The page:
## Introducing scikit-learn for Machine Learning in Python

In this tutorial, we will go through a simple steps to classify whether a voltage is a digital 0 or 1. We will make things pretty straight forward with large margin so that we can easily visualize. The idea is just to introduce some of the functions in scikit-learn that we can use for linear classification.

The simple problem we want to do is given a set of voltages and its digital logic, we want to be able to determine what would be the digital logic given a new set of voltages. In this example, we use supervised learning, where we label the data and have the training set. Then given a new data, we want to determine which class it belongs to. We will use linear classifier from Support Vector Machine.

First given a training data sets of voltages, e.g.

```>>> import numpy as np >>> data=[0.5,0.1,0.2,0.15,0,0.3,0.4,0.5,0.35,0.45] >>> data=np.array(data).reshape(len(data),1) ```
The first line of the above code import numpy module so that we can use its array data stucture. The second line create a list of voltages as a Python list. The third line, convert the Python list to Numpy array and change from a row vector to a column vector.

We can then train the data set by labeling the voltages. For simplicity, let’s label any voltages below 0.2 to be digital logic 0, and anything above 0.3 to be logic 1. To do this we create a target list according to our data set.
``` >>> target=np.array([0,0,0,0,0,1,1,1,1,1]) ```

Now we can create our linear classifier using SVM.
``` >>> from sklearn import svm >>> clf = svm.SVC(kernel='linear') ```
The first line import the module svm, and the second line creates a linear classifier. Next, we have to fit the data with the target.
``` >>> clf.fit(data,target) ```
And now we can predict new data. Let’s say we want to determine what the digital logic is for voltage 0.21V, we can type:
``` >>> clf.predict(0.21) array([0]) ```
Or we can also give an array:
``` >>> newdata=[0,0.5,0.22, 0.1,0.44] >>> newdata=np.array(newdata).reshape(len(newdata),1) >>> clf.predict(newdata) array([0, 1, 0, 0, 1]) ```

As you can see that voltages around 0.2 and below is classified as logic 0 while those around 0.3 and above is classified as logic 1.

## Fixing PyInstaller on Mac Yosemite

I tried to install pyinstaller using PIP:

<code>\$ pip install pyinstaller </code>

and this installed PyInstaller version 2.1, as you can check using

<code>\$ pyinstaller –version</code>

When I tried PyInstaller to one of my python script, it gives me an error. I run PyInstaller in this way:

<code>\$ pyinstaller minesweeper.py</code>

Then I got the following error:

<code> struct.error: argument for ‘s’ must be a string</code>

The error is caused from a file

<code>/User/lib/python2.7/site-packages/PyInstaller/loader/pyi_carchive.py</code>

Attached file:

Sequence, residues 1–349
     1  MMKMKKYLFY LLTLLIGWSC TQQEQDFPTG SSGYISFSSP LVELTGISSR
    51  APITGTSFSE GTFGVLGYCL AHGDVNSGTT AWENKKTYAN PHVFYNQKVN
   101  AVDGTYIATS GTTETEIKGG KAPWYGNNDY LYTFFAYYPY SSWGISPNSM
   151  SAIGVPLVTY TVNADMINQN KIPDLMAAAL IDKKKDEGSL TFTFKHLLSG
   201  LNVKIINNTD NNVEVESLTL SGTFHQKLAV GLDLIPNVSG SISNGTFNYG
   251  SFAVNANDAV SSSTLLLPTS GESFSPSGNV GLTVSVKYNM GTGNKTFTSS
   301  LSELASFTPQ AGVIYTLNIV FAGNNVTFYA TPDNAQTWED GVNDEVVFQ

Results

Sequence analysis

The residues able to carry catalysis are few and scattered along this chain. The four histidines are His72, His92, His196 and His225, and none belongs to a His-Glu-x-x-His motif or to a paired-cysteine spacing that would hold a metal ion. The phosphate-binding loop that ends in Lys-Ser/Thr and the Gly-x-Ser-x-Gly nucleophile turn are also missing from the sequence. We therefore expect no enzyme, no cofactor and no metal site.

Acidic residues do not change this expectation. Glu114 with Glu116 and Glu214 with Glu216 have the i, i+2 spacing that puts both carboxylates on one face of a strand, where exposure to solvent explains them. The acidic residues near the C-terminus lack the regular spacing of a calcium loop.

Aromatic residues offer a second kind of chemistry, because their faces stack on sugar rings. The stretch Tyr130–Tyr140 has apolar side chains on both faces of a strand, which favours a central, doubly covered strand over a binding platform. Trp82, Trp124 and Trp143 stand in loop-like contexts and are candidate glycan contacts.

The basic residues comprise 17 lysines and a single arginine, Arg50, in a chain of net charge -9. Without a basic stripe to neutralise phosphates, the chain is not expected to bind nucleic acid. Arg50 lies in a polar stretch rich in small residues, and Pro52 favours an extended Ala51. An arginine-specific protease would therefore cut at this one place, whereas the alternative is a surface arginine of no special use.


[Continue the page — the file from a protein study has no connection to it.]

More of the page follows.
from line 84 and 367. To solve this, I replaced the following lines:

Line 84

<code> rslt.append(struct.pack(self.ENTRYSTRUCT + repr(nmlen) + ‘s’, nmlen + entrylen, dpos, dlen, ulen, flag, typcd, nm + pad))</code>

with the following:

<code> 84: rslt.append(struct.pack(self.ENTRYSTRUCT + repr(nmlen) + ‘s’, nmlen + entrylen, dpos, dlen, ulen, flag, typcd, nm.encode(‘utf8’) + pad)) </code>

and Line 367

<code>cookie = struct.pack(self._cookie_format, self.MAGIC, totallen, tocpos, self.toclen, pyvers, self._pylib_name)</code>

with the following:

<code>cookie = struct.pack(self._cookie_format, self.MAGIC, totallen, tocpos, self.toclen, pyvers, self._pylib_name.encode(‘utf8’)) </code>

After that, my pyinstaller works.

## Creating 2D/multidimensional list in Python

I found a link that discusses on how to create multi-dimensional list in Python:
http://pyfaq.infogami.com/how-do-i-create-a-multidimensional-list/_comments/4jn5

## Move multiple files using python

Move multiple files using python. Download
\$ mvmult.py [common] [targetcommon]

e.g. to move field1.dat, field2.dat, … to fieldref1.dat, fieldref2.dat,…, use the following command:
\$ mvmult.py field field*.dat fieldref

The command simply replacing the [common] string in list by [targetcommon].

## Installing python, numpy, and scipy in non-standard directory

1. Download all the source codes.
2. Untar the Python 2.6.5 source code
``` \$ tar xzvf Python.2.6.5.tar.gz ```
3. type
``` \$ ./configure --prefix= \$ make \$ make install ```
4. Set path to the non standard directory
``` \$ export PATH=/bin:\$PATH ```
5. untar numpyXXX.tar.gz
6. type
``` \$ python setup.py build --fcompiler=gnu95 \$ python setup.py install --prefix= ```
the compiler setting tell the installer to use gfortran, read INSTALL.txt for more detail.
7. When building scipy, I need to disable UMFPACK, otherwise it gave me error from swig : “Unable to find umfpack.h”. To do this type
``` \$export UMFPACK = "None" ```
8. then do the same as with numpy:
``` \$ python setup.py build --fcompiler=gnu95 \$ python setup.py install --prefix= ```

To run the testing, we will need to install Nose. I did try to run test_umfpack.py, and it works find. I had to add “import nose” and fix some indentation. But the result of the test is “OK”.

## Error in running F2Py

When I tried the sample code in : http://www.scipy.org/F2py

I got the following error:
``` /tmp/tmpHNH55t/src.linux-x86_64-2.6/fortranobject.h:7:20: error: Python.h: No such file or directory ```

It turns out I needed to install python-dev in my Ubuntu to resolve this problem. After I install python-dev, f2py works well.

## Writing VTK file using Python

To write VTK file using Python, download pytvtk. You can read the examples folder to get to know how to use it.

For example to write a structured points of scalar data stored in variable named Coef, we write:

``` vtk=VtkData(StructuredPoints([Nx,Ny,Nz]),\ PointData(Scalars(ravel(Coef,order='F'),'my scalar'))) vtk.tofile('myfile') ```
this will save to a file name myfile.vtk

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